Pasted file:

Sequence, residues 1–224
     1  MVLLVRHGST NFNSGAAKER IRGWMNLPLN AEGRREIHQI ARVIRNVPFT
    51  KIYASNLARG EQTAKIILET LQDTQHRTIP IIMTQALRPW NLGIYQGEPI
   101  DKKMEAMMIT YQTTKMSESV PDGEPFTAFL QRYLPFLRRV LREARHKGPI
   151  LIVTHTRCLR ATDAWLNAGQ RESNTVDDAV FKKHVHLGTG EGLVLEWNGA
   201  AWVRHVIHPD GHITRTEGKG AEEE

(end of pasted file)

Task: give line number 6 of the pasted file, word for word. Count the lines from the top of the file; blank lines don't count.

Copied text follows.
   201  AWVRHVIHPD GHITRTEGKG AEEE